6 Lessons From Roger Ebert
Roger Ebert, Chicago movie critic, author, icon, Pulitzer prize winner, was laid to rest yesterday.We all knew Roger through his words, insights, books, and television show. He had a profound influence on movies, politics, culture, life, and health. I worked with Roger in 1980 for the promotion and marketing of the video release for the movie ‘9 to 5′. I was a consultant to 20th Century Fox Video. To promote the release I had the privilege of talking with Roger about the movie stars’, the edgy humor, and camaraderie between Jane Fonda, Lily Tomlin, and Dolly Parton. We talked about Beta tapes vs. VCR. We mused about Chicago hotdogs, deep-dish pizza, and Italian beef sandwiches. Roger offered his wisdom and focused my promotional efforts. We even shared the same birthdate, June 18.
Ebert was kind, offered me career advice, and promoted the video in his columns. Roger made me a ‘star’ to Fox. At the same time, he wrote a business script that I have followed. While we did not spend time together after our brief involvement, Roger had a profound influence on me as well as others. I want to share what I learned from Roger. I hope he’s not too critical.
1-Roger created a personal brand. I learned from him how to define and identify your core competencies.He was first and foremost a Chicago newspaperman. Roger was one of the first business people I met that created a personal brand even before marketers and agencies tried to replicate the concept. Create your brand. Nurture it. Protect it. With the right personal brand, you’re the only choice.
2-Roger was a mentor. Roger and I talked about the future of videos; the possible acts of piracy of intellectual property, and the ability of the movie studies to deliver targeted advertising on the video media. He gave me insights, suggestions, and direction. For the time we spent together, he made me feel important and relevant. I learned that giving to others often resulted in receiving more than you gave in return. Give without remembering. Receive without forgetting.
3. Roger knew his audience. He had conversations with his consumers. He felt what they felt, saw what they saw, and became a value interpreter. Roger was a critic but that did not mean he criticized. He provided insights, education, and opinions that others could use. The New York Times called him a critic for the common man. Yet there was nothing common about Roger. Uncommon wins.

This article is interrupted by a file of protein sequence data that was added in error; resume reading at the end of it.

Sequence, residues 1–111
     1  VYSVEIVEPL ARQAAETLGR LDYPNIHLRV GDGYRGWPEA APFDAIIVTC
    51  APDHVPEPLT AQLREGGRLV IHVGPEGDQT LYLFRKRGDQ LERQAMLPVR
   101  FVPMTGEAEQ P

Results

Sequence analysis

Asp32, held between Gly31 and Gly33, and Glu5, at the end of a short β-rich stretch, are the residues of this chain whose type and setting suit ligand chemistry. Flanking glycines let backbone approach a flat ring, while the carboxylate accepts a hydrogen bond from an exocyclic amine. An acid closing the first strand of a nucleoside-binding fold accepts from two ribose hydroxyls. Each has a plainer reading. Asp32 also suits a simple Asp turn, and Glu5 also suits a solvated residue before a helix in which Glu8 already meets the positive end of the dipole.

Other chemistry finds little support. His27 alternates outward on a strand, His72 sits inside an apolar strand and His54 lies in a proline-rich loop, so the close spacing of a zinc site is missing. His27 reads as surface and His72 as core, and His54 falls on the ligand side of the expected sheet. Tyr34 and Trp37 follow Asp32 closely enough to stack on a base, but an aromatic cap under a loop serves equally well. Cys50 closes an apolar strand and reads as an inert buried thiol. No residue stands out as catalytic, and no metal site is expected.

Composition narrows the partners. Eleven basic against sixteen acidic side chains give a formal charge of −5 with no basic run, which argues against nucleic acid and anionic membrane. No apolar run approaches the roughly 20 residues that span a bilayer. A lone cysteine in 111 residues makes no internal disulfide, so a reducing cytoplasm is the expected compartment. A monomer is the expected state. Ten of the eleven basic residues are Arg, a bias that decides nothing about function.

4.Roger was luminous. He shared the spotlight. Even though he could have hidden from public view after his cancer surgery left him unable to speak or eat, Roger continued to have a ‘voice.’ Roger won a Pulitzer Prize, a Star on the Hollywood Walk of Fame, and remained one of the most prolific movie critics of our times. He became a voice for those afflicted with cancer. Roger’s honesty during his final years made him move relevant, to more people, because he touched us all in many ways. Roger, unlike his fellow critic Gene Siskel, allowed us into his life so that we had a chance to cement our bond with him. The choices you made determine the person you become.
5.Roger leveraged enmity. Rivalry often pushes both to work harder, smarter, and contentment. Together Siskel and Ebert became partners that sharpened their skills and gave consumers, their relevant choices. Live life from the inside out.
6. Roger was the best. He was witty, had a sense of humor, knew his limitations, and shared his wisdom. He was not defined by his limits that held him down but the opportunities that lie ahead. His last article, A Leave Of Presence, is a legacy. He is still present. Now he looks down with two thumbs up. “Often the difference between a successful person and a failure is not one has better abilities or ideas, but the courage that one has bet on one’s ideas, to take a calculated risk, and to act.” Andre Malraux